While writing my Beyond Divorce book, I identified 5 Turning Points we experience getting through the divorce process. Although each of us is unique, and each marriage is unique, these 5 turning points are common to everyone. We have to accept that its happening and love ourselves through it. We have to be real with our emotions and quiet the stories we tell ourselves. We want to lear what’s wrong in order to make sense of our experience. And of course we want to follow through with personal discovery of who we’ve become through the process so we can rebuild a life based on the things we value today.

There’s another benefit. Knowing the turning points helps you pinpoint where you are in the process. For example, you won’t be able to dream of your new life (Step 5) while you are still overwhelmed by irrational thinking and emotional upheaval (Step 2). There will come a time when you become curious about who you are and what is next. When that happens you will know you’ve entered Step 4. It’s tempting to want to rush through the steps and get to the end. It’s a very human thing to do. But don’t. Be care-fully with each step. Each one is required in order to get well.

I’ve designed by divorce recovery system is based on these turning points. It’s silly and harmful to go through this alone.

The Five Turning Points:

1. Honor yourself: You are going through a difficult life experience. You need to practice extreme self-care. Own the experience as yours. Honor it. Love yourself through it. You need a champion in your corner and it makes sense that it be you, first and foremost. Honoring your process and taking care of yourself is vital, especially in the initial stages.

Recovery and Empowerment

2. Calm your emotions and thoughts: This is part of honoring yourself. Your emotions and thoughts are working overtime right now. As your internal messengers, they have a lot to say. You won’t always understand their message. Be empathetic toward them. Embrace them as if they were a hurting child; they are a part of you.

3. Learn what went wrong: Part of calming your emotions and thoughts, is understanding what you could have done differently. Emotions and intellect are different. Sometimes, when the mind can understand, the emotions don’t have to be quite so loud. There are common reasons that relationships end. Knowing what they are will help you feel more solid, and bring you hope.

4. Rediscover yourself and reclaim your power: The hope you gain from taking care of yourself, calming your emotions and thoughts, and understanding what went wrong, will give you energy to embrace the new possibilities unfolding around you. Discovering yourself anew is an adventure, potent with discoverable desires and passions. Reclaiming your power sets you solidly on the path of creating a new life you love.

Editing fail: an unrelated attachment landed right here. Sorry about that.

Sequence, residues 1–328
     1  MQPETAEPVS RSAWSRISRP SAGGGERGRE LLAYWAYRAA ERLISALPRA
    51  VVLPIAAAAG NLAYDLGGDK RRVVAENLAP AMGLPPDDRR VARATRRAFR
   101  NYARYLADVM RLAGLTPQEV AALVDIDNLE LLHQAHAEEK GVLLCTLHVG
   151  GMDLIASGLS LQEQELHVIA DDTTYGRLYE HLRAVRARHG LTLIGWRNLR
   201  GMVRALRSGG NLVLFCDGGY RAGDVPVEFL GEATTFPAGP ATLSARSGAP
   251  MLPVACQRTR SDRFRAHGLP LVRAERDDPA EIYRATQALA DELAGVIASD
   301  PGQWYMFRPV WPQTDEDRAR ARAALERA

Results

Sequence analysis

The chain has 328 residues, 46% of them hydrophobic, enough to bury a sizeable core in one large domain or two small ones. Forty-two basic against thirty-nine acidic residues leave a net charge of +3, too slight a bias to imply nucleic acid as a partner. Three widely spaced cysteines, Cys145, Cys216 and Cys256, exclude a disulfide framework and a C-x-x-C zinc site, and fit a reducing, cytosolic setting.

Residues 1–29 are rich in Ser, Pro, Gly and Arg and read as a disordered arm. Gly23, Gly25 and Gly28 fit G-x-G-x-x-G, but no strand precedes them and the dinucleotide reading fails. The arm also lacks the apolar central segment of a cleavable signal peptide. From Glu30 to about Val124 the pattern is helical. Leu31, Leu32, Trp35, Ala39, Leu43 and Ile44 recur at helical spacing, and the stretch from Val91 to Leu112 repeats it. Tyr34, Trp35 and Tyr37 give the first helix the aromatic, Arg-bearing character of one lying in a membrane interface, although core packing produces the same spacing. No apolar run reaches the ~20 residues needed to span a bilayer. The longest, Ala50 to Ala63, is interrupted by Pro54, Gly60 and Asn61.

5. Redesign your life: It is at this turning point that you will take the new you for a test drive. It’s brand new. Just like driving with a clutch the first few times there will be some starts and stops. You may feel a little foolish but it’s all worth it. It’s the only way. Taking charge of our lives is a big deal. It’s exciting and full of potential. This is where you begin to create a future worth having.

Worth Mentioning:

Each of these Turning Points is unique in the way it feels, what it will require of you, and what it will teach you.

I think of these turning points like points on a spiral. Spirals are beautifully proportioned, graceful shapes found in nature—in shells, sunflowers, and the spiraling of leaves growing toward the sun. Spirals represent growth from the inside out—from tight in a bud to full bloom. Your journey will also be from inside out, from a constricted place of pain that holds tightly to itself, to the spaciousness of having your feet spread wide and your arms raised high when you are truly beyond divorce.

You may loop back through one or several of these turning points more times than you like.

I hope you won’t become too discouraged when that happens. It’s a necessary part of moving beyond divorce. I assure you that when you do revisit a turning point it will be with more resources than you had prior, which means it won’t be as intense, and you won’t stay as long. Think of it as a revisit to tidy up more loose ends. I point out the turning points as markers in my book, Beyond Divorce: Stop the Pain, Rekindle Your Happiness, and Put Purpose Back in Your Life, so you will know which you are traveling through. The book is designed to move readers through a healing process organically, and at their own pace, as a result of working through the chapters.

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